[Guest blog by Iain, aka the mountaineer who likes to have a sleep on summits. He’s even been known to take the odd nap on 14, 000 fters when the conditions have been right..]
Jasmin is away, so that usually means one of two things in winter (assuming I do actually get out of bed): find somewhere sunny to sleep on a mountain or head out on snowshoes…or ideally both. I was once wakened by the sound of someone taking my photo on the top of a snowy peak – they commented that they had never seen anyone look quite so pleased with themselves as they slept. Admittedly sleeping in snowshoes does take practice (no lying on your stomach) and can be quite a danger to the knees and ankles if attempted by the non-expert. Today was definitely not going to be a sunshine day, so it was clear – assuming I could get to the mountains after the recent snow – that it would be a snowshoe only day.
Mention snowshoes in this country and you are almost guaranteed to get one of two responses. The first is: “oh, those things that look like tennis racquets?” The second is: “not much call for those here?” For the first response: no, they don’t look anything like tennis racquets and I have no idea why we all seem to think that they do (was it in a movie or something?). I’m sure I held this image until a few years ago as well, but they probably haven’t for several decades. It is simpler to suggest anyone interested does a search for MSR and snowshoes than for me to try to describe them. For the second response…no, definitely not true either, as today’s outing clearly demonstrated.
I don’t know how many different types of snow there are, or how many of these require snowshoes, but we definitely get at least one of these snowfalls in Scotland most years when without snowshoes getting up a mountain can prove to be almost impossible. When there has been heavy snowfall and the snow pack is unconsolidated, there are several approaches to getting up a mountain: get there late, when others have already done the work and you can simply follow in their footsteps; be part of a decent-sized group who can take turns breaking trail; be built like a bulldozer with the energy of the Duracell Drummer Bunny; or take snowshoes or cross country skis. Well, the skis do have their advantages once you get up the steep parts and can cruise across the plateau (though they are more cumbersome when not being worn), but I have certainly been on mountains where those on skis failed to get up (especially if it is icy) whilst those on snowshoes, armed with aggressive claws and serrated metal strips on the underside, had no problems.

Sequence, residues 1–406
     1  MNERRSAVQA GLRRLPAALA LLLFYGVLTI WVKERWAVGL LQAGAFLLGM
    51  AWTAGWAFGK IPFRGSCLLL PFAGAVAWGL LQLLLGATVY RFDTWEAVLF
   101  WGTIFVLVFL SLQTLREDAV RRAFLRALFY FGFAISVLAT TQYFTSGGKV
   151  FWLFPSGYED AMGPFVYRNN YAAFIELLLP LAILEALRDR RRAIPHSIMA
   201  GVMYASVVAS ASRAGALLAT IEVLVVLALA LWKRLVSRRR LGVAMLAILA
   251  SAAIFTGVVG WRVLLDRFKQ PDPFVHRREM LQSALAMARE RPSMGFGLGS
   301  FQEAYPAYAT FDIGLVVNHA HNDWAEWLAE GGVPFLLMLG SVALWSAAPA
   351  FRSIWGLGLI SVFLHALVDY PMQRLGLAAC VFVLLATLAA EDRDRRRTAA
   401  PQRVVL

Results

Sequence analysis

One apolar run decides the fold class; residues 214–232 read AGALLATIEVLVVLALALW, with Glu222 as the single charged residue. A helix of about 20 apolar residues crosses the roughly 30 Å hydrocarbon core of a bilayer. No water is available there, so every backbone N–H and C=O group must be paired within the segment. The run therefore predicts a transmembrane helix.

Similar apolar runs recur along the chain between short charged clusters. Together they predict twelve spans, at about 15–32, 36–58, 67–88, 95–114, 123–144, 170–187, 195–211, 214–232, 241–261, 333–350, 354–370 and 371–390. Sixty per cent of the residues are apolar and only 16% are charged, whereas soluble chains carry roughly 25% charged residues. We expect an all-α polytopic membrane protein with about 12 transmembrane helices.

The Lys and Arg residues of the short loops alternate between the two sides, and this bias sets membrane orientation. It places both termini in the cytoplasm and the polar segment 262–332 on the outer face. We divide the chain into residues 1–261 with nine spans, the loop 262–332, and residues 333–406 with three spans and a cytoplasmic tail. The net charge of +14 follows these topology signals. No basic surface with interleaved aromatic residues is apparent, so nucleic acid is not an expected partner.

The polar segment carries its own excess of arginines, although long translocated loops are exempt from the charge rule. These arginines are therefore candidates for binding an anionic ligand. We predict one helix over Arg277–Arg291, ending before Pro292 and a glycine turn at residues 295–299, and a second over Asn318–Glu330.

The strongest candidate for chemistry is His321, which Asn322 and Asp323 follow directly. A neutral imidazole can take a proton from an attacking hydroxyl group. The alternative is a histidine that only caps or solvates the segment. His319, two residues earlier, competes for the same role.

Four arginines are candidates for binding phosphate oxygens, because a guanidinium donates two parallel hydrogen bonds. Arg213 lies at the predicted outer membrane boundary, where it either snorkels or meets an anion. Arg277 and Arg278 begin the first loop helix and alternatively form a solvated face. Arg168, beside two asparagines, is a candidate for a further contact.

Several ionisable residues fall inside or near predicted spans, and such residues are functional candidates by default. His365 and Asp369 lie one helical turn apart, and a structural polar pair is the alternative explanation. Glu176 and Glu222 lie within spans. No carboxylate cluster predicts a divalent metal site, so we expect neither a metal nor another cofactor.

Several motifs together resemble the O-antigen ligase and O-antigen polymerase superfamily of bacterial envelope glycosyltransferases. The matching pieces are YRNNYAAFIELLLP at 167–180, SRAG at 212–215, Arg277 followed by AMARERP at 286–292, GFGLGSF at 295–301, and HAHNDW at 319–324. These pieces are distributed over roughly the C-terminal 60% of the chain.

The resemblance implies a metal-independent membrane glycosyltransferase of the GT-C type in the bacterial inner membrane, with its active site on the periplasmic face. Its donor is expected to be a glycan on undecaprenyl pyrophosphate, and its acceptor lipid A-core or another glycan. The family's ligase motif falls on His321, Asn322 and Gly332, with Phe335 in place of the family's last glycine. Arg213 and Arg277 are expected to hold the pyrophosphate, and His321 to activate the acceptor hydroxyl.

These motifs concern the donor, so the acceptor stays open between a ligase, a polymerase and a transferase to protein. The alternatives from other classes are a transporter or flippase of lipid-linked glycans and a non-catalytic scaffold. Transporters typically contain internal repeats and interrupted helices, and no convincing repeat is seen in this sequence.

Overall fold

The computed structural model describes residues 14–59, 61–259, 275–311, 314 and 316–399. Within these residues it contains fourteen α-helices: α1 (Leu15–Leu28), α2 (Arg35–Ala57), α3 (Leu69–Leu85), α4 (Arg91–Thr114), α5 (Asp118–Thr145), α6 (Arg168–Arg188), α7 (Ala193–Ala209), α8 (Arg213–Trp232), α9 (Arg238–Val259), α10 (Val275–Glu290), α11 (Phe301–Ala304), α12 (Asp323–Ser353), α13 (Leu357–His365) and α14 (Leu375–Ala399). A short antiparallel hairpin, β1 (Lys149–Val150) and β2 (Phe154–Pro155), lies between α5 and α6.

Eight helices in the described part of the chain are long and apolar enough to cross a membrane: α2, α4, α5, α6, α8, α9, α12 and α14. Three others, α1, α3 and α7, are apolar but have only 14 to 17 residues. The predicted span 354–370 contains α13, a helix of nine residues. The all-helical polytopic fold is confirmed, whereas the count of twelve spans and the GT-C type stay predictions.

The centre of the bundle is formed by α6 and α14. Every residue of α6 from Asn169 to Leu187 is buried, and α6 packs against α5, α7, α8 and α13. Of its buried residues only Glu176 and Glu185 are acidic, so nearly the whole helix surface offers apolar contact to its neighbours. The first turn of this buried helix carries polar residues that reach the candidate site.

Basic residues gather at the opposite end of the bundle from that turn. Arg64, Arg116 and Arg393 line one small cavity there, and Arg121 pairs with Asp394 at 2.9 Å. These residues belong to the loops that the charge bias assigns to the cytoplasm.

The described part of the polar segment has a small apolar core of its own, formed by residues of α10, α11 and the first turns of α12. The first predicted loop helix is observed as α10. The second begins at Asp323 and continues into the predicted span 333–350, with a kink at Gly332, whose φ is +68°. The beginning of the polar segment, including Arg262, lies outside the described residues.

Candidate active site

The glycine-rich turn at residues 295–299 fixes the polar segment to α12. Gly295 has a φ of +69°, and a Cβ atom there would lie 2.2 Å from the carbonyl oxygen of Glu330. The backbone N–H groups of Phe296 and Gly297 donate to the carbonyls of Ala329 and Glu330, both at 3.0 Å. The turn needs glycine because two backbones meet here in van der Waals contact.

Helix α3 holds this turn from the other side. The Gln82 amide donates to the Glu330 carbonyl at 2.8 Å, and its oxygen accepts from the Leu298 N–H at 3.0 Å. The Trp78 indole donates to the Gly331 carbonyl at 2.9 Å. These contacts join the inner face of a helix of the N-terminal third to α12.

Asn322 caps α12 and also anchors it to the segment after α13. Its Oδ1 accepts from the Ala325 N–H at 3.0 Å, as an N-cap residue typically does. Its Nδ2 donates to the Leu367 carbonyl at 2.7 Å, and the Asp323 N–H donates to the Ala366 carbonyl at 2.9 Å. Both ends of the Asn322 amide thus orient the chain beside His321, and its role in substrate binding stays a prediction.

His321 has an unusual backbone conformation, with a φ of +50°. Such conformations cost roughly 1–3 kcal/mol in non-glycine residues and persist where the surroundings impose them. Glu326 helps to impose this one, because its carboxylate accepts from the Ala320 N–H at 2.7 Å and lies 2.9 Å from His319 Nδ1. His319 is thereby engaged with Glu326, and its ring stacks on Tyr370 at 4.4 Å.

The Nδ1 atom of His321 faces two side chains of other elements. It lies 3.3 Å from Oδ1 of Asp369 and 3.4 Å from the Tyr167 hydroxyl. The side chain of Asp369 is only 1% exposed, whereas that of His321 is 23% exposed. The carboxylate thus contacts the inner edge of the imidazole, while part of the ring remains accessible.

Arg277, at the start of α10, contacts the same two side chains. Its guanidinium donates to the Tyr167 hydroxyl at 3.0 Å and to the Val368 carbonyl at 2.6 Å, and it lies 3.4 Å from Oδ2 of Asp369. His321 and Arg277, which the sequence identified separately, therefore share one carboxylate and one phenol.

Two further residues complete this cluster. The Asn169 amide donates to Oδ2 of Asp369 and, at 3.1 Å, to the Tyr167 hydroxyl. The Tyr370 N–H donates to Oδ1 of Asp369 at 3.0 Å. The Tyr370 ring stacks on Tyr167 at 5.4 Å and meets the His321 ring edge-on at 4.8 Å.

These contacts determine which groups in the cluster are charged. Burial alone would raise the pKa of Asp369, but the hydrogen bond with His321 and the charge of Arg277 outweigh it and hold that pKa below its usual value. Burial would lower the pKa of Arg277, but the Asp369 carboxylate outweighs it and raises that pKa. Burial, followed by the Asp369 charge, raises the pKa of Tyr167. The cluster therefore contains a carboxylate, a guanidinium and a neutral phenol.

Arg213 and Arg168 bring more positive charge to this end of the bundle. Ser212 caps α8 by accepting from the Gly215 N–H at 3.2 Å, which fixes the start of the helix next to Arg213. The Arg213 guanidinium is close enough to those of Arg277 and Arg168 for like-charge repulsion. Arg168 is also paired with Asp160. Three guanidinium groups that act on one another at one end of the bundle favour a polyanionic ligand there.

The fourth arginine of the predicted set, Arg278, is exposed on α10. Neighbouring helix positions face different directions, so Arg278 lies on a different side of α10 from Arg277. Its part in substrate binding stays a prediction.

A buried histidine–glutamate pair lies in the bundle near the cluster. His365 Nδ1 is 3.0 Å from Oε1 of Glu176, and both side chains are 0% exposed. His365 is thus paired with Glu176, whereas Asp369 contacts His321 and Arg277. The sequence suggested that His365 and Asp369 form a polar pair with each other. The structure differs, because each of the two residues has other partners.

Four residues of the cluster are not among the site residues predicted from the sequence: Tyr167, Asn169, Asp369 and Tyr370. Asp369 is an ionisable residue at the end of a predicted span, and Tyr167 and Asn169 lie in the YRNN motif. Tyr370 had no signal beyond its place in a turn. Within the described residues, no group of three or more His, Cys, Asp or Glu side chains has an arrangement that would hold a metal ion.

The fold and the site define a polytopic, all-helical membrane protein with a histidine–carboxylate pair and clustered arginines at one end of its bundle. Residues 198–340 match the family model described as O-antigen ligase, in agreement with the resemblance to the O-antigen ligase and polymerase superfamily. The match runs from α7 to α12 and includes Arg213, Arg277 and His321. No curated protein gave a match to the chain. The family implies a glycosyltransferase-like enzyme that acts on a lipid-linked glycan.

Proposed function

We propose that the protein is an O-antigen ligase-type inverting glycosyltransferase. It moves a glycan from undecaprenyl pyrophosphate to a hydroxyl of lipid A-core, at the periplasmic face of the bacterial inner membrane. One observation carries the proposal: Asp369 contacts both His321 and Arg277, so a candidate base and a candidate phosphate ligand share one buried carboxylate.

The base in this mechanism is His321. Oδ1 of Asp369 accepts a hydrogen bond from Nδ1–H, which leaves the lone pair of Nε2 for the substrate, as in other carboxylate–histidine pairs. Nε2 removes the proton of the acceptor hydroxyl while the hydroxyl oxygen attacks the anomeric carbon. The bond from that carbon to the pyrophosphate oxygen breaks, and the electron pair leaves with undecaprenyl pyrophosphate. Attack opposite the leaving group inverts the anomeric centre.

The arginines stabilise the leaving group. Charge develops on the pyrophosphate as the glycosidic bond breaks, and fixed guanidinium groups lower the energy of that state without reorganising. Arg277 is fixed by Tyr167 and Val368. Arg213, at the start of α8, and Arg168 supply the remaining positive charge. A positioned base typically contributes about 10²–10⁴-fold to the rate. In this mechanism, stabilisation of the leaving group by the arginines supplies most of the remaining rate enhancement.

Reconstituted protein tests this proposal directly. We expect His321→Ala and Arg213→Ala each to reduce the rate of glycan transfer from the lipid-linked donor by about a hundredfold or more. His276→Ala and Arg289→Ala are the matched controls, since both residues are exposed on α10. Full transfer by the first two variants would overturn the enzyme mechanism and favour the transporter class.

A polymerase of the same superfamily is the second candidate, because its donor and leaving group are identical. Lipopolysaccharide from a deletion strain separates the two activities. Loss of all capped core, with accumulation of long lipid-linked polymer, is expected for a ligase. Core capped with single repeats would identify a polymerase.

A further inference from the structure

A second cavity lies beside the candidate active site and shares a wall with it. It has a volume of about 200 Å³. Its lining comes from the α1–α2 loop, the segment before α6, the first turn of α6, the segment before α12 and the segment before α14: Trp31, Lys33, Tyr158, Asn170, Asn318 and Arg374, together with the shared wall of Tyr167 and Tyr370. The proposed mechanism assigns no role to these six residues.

Today, with little desire to drive very far, I was heading for Glen Muick. The weather didn’t look great, so I thought I would just do Broad Cairn and Cairn Bannoch – a decent enough day out in winter. Unfortunately I had slept badly and put my back out…which takes one to the first problem with snowshoes: you have to carry them when you aren’t wearing them. Now apparently George Mallory, when sorting out kit for his 1924 Everest attempt, had asserted that 1 kg on your feet was equal to 6 kg on your back. Well, maybe for tough guys like him, but I would definitely rather have an extra 500 g (or 1 kg…if he meant per foot) on each foot than 6 kg extra in my rucksack! However, don’t think you can ditch the crampons just because you have snowshoes – a number of times (notably the descent off Glas Maol after a day of puttering around the Glenshee hills) I have had to change over to crampons to get back down safely in icy conditions. Today my back was nearly bad enough to decide against the snowshoes (which clip on very nicely to the side of a rucksack, as long as it has buckles on the compression straps – otherwise undoing and doing up the straps is a right battle). The walk along Loch Muick made me think I had made the wrong decision, as the snow was no more than ankle deep and was fairly well compacted. However, once I got to the turn up Broad Cairn suddenly there was only one set of tracks and they were startlingly deep – in fact more than knee-deep at times: exhausting. Instead, on with the snowshoes and a fairly easy walk up the steep zig-zag path. The tracks were clearly those of someone who had gone up and then returned in their own footprints – that they even got as far as the top of the steep slope before turning back earned my respect. How far would I have sunk in without them? Well, I was barely going in to my ankles next to where the heroic boot-shod walker had been up to their knees. The soft heavy snow was bad enough that I could easily push a walking pole in all the way to the handle – as happened a few times when I fell over. An outstretched arm would have disappeared up to the shoulder. Once I had reached the end of the track at the pony hut, at about 700 m, the need for snowshoes rather disappeared – this seems to be pretty common for Broad Cairn, a number of times I’ve done the circuit of the Loch Muick hills in crampons only to need the snowshoes for the walk back when down to the track. Fortunately I was wearing some quite short snowshoes – specifically the MSR Evo in their smallest guise (not much longer than the children’s model) – which are perfect for fitting onto a 45 litre pack, can easily be worn all day without you tripping over them and, if the snow gets too deep, you can simply screw on the detachable tails, which add another few inches to the backs and give additional floatation.
On getting back to the top of the steep section a few hours later, I found that by now quite a number of Duracell Drummer Bunnies had been up and a track had indeed been worn into the snow….but nobody had made it any further than that point, not yet halfway to the summit.
So, no they don’t look like tennis racquets, and yes you do need them in Scotland….so why have I never seen anyone else wearing them I wonder?